If the media is going to cover your law firm’s crisis, they are going to cover it with or without your firm’s input. But your involvement can help shape the story and improve your firm’s image in the public eye, says Michelle Samuels, vice president of public relations at Jaffe.
Complex auctions under the Bankruptcy Code are still often conducted in the traditional manner — live and in person in law offices and courtrooms. An online auction that is designed specifically to meet the needs of all stakeholders is a better approach, say Brad Miller and Margarita Patria of Charles River Associates.
In the final article in this series on proposed innovations to the American jury trial, Stephen Susman, Richard Lorren Jolly and Dr. Roy Futterman of the NYU School of Law Civil Jury Project sum up the improvements they believe the U.S. jury system desperately needs.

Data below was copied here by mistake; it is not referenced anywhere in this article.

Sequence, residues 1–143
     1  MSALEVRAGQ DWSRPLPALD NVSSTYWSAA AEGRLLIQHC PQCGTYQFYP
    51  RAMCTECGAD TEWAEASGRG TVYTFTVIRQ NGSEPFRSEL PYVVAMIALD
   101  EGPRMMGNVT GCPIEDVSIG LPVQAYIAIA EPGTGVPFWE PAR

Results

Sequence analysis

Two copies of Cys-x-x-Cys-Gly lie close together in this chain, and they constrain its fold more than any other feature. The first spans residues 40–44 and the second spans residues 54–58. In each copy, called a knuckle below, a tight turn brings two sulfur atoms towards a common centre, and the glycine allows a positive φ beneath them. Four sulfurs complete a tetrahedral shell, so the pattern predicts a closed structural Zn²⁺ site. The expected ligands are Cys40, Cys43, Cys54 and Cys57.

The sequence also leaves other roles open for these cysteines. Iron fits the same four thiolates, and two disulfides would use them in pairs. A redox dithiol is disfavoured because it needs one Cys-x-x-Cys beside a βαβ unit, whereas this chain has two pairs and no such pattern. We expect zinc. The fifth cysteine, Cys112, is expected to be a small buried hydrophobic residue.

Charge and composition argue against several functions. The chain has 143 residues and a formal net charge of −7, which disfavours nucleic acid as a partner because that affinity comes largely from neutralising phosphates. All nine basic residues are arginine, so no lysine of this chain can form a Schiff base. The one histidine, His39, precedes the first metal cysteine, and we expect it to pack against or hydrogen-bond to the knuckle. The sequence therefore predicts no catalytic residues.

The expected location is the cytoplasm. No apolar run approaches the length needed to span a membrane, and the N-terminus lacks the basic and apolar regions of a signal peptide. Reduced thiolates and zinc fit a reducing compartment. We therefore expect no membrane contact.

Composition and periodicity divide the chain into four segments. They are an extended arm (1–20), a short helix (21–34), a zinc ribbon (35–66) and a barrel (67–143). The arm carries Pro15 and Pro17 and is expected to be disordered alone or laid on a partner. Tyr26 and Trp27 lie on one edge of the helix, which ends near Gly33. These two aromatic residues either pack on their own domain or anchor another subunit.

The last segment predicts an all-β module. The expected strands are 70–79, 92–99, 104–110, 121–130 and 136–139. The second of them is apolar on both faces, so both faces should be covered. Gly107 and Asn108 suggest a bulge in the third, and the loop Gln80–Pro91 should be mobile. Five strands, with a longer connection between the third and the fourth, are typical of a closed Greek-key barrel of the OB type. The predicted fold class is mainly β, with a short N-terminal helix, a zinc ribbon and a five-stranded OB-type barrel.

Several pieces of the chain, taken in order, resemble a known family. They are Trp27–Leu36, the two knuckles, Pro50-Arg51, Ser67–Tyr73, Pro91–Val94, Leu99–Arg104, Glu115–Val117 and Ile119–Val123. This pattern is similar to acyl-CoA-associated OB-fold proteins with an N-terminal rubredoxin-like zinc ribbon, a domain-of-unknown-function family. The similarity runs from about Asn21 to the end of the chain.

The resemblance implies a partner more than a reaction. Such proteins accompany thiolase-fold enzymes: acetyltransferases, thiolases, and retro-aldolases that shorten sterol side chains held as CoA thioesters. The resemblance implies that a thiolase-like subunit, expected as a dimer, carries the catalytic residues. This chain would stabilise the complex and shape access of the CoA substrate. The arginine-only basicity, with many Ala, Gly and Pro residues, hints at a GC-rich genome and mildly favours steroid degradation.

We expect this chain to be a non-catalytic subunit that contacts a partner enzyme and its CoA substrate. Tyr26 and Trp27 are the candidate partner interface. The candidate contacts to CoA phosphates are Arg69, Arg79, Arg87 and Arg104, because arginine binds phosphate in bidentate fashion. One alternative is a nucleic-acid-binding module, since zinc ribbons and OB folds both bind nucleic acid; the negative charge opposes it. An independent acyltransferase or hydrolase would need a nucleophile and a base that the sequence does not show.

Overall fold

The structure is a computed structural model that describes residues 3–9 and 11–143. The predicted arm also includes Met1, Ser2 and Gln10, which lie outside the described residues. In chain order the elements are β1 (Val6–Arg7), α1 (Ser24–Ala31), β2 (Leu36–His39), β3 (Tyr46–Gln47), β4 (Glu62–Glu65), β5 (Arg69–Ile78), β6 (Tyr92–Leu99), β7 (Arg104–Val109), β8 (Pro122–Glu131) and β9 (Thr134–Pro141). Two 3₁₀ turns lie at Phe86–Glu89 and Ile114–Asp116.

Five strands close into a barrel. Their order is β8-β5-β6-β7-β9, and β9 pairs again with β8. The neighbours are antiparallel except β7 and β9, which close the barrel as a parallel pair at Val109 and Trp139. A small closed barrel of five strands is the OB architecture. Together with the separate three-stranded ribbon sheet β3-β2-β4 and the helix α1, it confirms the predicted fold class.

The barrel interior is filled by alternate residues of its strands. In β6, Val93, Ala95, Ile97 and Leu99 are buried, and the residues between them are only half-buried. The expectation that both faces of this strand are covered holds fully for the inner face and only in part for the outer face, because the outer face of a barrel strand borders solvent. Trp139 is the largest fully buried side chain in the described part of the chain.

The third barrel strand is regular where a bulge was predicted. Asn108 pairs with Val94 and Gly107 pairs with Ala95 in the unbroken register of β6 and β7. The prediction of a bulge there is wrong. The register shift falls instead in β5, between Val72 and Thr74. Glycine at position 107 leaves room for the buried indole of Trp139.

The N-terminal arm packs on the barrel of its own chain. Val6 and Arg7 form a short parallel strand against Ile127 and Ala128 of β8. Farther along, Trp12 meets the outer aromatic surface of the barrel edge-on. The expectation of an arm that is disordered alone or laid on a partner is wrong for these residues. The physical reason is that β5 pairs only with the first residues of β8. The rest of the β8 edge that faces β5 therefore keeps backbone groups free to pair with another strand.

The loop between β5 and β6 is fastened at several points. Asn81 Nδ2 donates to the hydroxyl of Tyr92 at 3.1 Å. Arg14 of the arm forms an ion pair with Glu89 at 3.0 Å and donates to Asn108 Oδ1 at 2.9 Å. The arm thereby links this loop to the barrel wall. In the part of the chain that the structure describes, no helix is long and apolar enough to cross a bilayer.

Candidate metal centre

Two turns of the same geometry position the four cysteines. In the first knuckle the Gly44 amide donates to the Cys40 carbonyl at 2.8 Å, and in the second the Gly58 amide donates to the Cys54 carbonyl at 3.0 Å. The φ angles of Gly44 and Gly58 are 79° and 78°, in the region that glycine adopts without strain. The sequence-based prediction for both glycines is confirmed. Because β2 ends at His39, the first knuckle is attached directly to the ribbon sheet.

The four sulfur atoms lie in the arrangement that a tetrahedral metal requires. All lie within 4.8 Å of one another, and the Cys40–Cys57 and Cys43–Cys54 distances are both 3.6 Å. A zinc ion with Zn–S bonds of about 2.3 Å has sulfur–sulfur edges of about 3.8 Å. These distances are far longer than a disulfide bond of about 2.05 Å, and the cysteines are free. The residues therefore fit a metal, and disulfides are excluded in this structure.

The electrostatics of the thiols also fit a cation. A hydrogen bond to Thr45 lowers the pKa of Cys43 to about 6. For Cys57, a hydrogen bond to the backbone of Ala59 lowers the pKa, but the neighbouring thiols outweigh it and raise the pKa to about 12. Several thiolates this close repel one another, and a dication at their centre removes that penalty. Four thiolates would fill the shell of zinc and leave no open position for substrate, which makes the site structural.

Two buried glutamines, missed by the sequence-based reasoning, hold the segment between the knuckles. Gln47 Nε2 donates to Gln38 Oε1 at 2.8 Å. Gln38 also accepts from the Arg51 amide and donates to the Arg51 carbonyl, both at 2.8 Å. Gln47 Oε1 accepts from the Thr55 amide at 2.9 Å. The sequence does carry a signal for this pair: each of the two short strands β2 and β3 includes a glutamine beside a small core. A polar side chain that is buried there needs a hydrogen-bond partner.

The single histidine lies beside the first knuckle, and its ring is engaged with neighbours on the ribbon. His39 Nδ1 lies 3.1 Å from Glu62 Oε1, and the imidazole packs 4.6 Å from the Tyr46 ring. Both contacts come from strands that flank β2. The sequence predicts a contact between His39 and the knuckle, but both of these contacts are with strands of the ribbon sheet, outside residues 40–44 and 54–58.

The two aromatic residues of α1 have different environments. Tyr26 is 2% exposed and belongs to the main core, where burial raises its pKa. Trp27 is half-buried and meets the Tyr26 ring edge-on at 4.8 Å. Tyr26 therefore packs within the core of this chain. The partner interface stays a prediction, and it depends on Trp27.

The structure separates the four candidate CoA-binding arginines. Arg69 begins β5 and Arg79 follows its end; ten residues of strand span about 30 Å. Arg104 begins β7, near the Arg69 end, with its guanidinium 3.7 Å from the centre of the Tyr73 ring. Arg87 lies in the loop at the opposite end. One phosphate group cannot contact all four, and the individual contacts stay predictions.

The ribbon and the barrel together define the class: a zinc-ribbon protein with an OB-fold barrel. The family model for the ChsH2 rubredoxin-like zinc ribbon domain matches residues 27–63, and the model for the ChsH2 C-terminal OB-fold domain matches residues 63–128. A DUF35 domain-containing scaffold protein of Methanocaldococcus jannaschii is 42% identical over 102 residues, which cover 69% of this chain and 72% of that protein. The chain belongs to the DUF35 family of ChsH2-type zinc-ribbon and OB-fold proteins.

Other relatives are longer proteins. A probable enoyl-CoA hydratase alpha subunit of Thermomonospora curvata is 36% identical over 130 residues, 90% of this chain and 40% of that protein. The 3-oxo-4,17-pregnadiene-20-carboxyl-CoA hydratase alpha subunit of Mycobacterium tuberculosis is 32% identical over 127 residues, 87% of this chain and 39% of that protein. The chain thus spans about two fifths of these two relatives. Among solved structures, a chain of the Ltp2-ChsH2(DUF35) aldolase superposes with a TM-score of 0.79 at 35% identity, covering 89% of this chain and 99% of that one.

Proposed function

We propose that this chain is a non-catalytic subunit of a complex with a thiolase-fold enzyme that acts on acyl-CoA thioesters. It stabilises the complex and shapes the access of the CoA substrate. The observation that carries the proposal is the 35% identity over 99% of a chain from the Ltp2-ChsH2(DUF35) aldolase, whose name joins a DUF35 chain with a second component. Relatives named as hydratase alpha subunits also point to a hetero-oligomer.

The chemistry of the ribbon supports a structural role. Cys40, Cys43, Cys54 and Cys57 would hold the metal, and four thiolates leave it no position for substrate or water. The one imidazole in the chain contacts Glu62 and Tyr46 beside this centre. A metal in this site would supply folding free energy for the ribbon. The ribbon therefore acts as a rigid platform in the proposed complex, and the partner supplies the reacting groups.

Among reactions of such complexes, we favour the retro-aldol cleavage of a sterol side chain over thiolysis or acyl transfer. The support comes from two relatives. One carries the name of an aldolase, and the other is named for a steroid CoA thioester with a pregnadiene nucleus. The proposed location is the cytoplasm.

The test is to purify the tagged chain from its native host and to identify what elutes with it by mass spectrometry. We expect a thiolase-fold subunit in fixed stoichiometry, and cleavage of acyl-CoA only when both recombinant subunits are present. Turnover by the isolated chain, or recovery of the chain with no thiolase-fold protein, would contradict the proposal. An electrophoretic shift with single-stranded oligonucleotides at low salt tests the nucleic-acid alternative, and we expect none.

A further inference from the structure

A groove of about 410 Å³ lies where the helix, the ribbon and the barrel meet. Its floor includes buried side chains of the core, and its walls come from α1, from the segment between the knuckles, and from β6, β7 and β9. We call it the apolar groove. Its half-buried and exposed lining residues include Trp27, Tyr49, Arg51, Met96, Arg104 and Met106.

The Third Circuit recently affirmed that downstream purchasers took oil purchased from a bankrupt intermediary free and clear of the oil producers’ liens. The opinion is an important reminder that courts will look to the state lien laws and Uniform Commercial Code of a midstream company’s home state to determine whether the producers are secured, say attorneys with King & Spalding LLP.
While no particular form is required to establish a durable alternative fee arrangement, there are terms that should, for the benefit of both client and outside attorney, be expressly set forth in the agreement itself, but are often overlooked, say attorneys with WilmerHale.
In a bankruptcy, the trustee, shareholders, employees and other third parties frequently look to hold the directors and officers responsible through breach of fiduciary duty claims. Although defending these claims can be stressful, there are protections in place for defendants and strategies that can reduce their exposure, say Joseph Swanson and Donald Kirk of Carlton Fields Jorden Burt PA.